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Police, Soldiers and Wildlife Officials Hunt Killer of Wild Bull Elephant in Kui Buri National Park




Veterinarians and park officials conduct an autopsy on a male wild elephant shot to death in Kui Buri district in Prachuap Khiri Khan. – Photo Thai PBS

PRACHUAP KHIRI KHAN – Police, Soldiers and Wildlife Officials are hunting down the gunmen who brutally killed a wild elephant in a national park in Kui Buri district.

Provincial police chief Pol Maj Gen Pattana Petsayanawin on Monday set up three teams of investigators to collect information and look for clues in their manhunt for the killers of the 20-year-old beast.

Soldiers are joining the police in a combined effort to hunt down the perpetrators.

Monks perform a ceremony to cremate the wild elephant on Sunday. (Photo by Chaiwat Satyaem)

The male elephant was found dead in the Kui Buri National Park on Friday. A preliminary autopsy by veterinarians from the National Park, Wildlife and Plant Conservation Department found a rifle bullet and a shotgun bullet in the body.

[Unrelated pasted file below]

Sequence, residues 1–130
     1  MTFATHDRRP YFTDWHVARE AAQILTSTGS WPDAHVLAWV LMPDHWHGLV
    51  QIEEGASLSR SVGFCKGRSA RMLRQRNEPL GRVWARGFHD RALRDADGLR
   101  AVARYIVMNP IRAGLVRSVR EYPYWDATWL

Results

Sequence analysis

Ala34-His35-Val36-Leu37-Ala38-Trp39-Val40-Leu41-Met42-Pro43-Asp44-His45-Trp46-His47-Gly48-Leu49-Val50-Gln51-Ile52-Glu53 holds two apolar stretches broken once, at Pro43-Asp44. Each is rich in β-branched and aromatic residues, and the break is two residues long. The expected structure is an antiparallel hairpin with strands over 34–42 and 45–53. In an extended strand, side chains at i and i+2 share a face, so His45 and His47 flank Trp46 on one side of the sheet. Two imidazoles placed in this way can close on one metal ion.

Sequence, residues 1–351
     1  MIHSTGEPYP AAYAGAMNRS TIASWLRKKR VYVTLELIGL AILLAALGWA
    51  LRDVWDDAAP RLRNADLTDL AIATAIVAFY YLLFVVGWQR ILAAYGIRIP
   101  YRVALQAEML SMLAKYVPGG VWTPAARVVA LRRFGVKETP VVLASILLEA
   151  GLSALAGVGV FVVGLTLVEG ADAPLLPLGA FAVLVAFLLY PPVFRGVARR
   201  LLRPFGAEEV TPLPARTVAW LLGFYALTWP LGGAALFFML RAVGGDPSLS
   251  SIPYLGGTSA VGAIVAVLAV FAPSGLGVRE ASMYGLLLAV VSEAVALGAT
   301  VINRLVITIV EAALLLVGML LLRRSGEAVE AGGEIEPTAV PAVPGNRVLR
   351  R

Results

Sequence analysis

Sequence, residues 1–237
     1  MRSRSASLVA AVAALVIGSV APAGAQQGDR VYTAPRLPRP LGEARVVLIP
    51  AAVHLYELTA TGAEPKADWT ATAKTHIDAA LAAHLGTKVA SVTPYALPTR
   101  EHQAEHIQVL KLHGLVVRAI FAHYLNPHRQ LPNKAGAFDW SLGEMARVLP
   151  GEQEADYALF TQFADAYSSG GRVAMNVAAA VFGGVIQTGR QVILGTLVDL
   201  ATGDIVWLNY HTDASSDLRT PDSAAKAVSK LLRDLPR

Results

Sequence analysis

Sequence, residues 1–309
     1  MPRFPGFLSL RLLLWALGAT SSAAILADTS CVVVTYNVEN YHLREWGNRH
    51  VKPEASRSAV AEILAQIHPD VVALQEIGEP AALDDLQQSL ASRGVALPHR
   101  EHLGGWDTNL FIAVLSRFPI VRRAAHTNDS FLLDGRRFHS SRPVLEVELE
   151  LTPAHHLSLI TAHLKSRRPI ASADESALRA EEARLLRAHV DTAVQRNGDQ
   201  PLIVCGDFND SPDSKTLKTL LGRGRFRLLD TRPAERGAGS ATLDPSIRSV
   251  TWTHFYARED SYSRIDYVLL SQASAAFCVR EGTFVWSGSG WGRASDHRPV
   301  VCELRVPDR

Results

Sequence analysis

Police said they will examine firearm registrations in Kui Buri, Muang and Samroi Yot districts as part of their investigation.

Plantations in areas adjacent to the national park have occasionally been raided by hungry wild elephants. Investigation chief Pol Col Chana Suwannakomol said angry farmers might be to blame for the death.

Bullets found in the body of the dead elephant. (Photo by Chaiwat Satyaem)

Srisawad Boonma, the kamnan of tambon Haad Kham where the elephant’s body was found, said local residents had learned how to coexist with wild animals. The problem could come from outsiders who entered the area, he suggested.

The park has filed a complaint with the Haad Kham police station on the death of the elephant. Officials removed its tusks and took them to the Kui Buri park office.

Monks from Wat Rai Bon held a religious ceremony on Sunday before the animal was cremated in the forest.

“I pray that people and authorities will help conserve elephants in Kui Buri. It was sad to see an elephant, our national symbol, killed,” abbot Phra Khru Dhammavipak said.


By Chaiwat Satyaem
Bangkok Post

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